"It is a great place where CEOs and entrepreneurs do really share data, and their worries without any inhibitions," says Revathi Kasturi, president, Tarang Software Technologies, a Bangalore-based startup, the first woman to become an executive council member.

And that tells us something about the internal working of Nasscoml and what makes it different from other industry lobbies. While other industry associations get activated come budget time and are riven with factionalism and contrarian pulls, Nasscom has survived and thrived. Of course, some might say it is narrowly focused into software and hence the cohesion, but that is only a part of the story. After all, it consists of 800 members, only five of who contribute to 35 per cent of the industry turnover. It consists of MNCS, it consists of services companies and product companies, it consists of third party BPOs (Business Process Outsourcing companies) and captive BPOs of MNCs. SO there is enough scope for all kind of push and pull. But Nasscom continues to draw them together.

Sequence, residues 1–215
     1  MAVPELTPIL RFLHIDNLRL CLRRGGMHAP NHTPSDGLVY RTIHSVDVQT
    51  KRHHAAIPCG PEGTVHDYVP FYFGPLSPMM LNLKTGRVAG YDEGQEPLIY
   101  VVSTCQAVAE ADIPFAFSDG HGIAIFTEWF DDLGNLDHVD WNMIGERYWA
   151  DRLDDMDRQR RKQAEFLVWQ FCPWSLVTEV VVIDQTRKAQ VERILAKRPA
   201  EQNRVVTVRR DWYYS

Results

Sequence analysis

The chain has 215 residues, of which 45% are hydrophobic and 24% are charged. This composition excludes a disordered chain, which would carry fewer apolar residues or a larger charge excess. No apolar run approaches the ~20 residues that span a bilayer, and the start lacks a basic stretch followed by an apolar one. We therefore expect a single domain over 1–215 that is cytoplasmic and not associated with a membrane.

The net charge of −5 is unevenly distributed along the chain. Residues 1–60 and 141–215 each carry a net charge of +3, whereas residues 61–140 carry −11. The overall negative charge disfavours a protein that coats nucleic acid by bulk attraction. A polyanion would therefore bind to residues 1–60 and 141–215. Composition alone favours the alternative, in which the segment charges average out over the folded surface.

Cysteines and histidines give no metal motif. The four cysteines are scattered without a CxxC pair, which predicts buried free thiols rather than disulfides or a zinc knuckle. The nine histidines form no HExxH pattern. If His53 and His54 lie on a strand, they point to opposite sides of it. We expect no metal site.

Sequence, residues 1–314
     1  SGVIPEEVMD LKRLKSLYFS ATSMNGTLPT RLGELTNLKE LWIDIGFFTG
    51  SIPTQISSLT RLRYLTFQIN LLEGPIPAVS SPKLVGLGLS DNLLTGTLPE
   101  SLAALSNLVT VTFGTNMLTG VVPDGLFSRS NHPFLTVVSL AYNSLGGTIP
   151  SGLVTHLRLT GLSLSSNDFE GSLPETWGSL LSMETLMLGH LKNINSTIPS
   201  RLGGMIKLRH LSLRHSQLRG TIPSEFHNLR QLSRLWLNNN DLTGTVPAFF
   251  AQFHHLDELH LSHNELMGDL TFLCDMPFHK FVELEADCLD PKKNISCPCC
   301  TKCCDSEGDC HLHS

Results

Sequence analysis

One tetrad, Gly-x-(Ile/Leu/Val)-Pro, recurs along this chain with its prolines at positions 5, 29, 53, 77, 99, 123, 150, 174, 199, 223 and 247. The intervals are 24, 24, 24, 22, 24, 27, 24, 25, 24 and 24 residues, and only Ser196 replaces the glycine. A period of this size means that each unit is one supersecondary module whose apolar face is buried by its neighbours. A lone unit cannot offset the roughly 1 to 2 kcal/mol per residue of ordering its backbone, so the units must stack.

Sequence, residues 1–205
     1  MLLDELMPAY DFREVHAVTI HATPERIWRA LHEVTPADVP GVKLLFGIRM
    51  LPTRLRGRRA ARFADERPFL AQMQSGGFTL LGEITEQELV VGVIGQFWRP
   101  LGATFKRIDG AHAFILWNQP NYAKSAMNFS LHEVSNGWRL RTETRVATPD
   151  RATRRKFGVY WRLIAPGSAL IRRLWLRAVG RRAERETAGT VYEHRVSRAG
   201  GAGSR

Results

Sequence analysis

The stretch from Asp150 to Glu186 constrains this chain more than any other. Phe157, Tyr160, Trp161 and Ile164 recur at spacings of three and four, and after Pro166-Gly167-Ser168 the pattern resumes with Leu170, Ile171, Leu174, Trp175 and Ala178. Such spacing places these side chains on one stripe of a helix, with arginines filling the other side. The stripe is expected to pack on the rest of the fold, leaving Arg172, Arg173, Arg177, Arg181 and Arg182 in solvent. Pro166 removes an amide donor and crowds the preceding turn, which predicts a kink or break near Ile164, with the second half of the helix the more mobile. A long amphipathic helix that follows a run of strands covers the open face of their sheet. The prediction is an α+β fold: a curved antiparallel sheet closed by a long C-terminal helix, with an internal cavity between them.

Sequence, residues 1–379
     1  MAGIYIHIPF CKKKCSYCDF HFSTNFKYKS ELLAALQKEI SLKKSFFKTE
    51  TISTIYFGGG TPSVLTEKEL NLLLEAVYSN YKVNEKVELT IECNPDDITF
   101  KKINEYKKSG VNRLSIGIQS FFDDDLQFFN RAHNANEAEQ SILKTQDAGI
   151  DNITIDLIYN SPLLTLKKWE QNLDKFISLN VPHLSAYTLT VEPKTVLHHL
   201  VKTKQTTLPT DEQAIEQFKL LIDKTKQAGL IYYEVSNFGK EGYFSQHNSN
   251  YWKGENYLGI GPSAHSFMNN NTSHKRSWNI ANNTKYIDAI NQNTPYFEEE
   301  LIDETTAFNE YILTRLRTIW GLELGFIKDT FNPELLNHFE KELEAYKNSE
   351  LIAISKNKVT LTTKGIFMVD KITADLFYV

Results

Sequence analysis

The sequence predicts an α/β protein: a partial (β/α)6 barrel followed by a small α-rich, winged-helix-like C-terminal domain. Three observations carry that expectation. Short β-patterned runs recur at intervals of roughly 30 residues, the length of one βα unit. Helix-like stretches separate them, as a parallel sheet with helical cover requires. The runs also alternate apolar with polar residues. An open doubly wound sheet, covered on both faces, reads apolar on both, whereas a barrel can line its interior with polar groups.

The biggies of software like TCS, Infosys, Wipro, HCL, Satyam, Cognizant and so on have long out grown their start up phases, have enough financial muscle to invest in marketing, research, overseas offices, etc, so commonsense says that they do not need the hand-holding of Nasscom. But out of 30-odd executive council members, at least 20 attend all meetings. As for the annual conference, everybody keeps it on the top of their agenda of them give a lot of their valuable time for the affairs of Nasscom. Why?

"Nasscom has a voice that carries more weight than any of the individual companies so we make the best of it. Moreover, it is a forum where we grow out of our narrow companywide concerns and brainstorm about what is good for the whole country and the entire IT industry," says Phiroz Vandrevala, executive V.P, TCS, who became a full-time spokesman for Nasscom in the post-Dewang period, before Karnik took over.

But what the industry needed in terms of tax benefits for software exports, and lower telecom tariffs that are crucial to deliver software to clients all over the world was won long ago by the diligent work Dewang Mehta and others, so what kind of policy intervention are they talking about?